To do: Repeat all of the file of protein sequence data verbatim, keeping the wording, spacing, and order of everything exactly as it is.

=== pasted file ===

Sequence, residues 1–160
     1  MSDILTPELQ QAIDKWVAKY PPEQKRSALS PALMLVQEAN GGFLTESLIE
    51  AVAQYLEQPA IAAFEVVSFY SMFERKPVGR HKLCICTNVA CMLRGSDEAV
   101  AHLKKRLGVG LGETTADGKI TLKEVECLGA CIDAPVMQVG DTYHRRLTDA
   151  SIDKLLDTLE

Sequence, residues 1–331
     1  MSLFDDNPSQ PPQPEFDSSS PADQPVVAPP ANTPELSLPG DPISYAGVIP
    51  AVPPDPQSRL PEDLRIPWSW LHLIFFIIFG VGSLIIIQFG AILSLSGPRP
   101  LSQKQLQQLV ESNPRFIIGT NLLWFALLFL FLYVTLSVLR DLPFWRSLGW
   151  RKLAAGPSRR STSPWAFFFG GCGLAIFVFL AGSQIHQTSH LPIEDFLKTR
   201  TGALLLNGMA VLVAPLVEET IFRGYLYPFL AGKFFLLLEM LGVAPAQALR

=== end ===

Sequence, residues 1–160
     1  MSDILTPELQ QAIDKWVAKY PPEQKRSALS PALMLVQEAN GGFLTESLIE
    51  AVAQYLEQPA IAAFEVVSFY SMFERKPVGR HKLCICTNVA CMLRGSDEAV
   101  AHLKKRLGVG LGETTADGKI TLKEVECLGA CIDAPVMQVG DTYHRRLTDA
   151  SIDKLLDTLE

Sequence, residues 1–331
     1  MSLFDDNPSQ PPQPEFDSSS PADQPVVAPP ANTPELSLPG DPISYAGVIP
    51  AVPPDPQSRL PEDLRIPWSW LHLIFFIIFG VGSLIIIQFG AILSLSGPRP
   101  LSQKQLQQLV ESNPRFIIGT NLLWFALLFL FLYVTLSVLR DLPFWRSLGW
   151  RKLAAGPSRR STSPWAFFFG GCGLAIFVFL AGSQIHQTSH LPIEDFLKTR
   201  TGALLLNGMA VLVAPLVEET IFRGYLYPFL AGKFFLLLEM LGVAPAQALR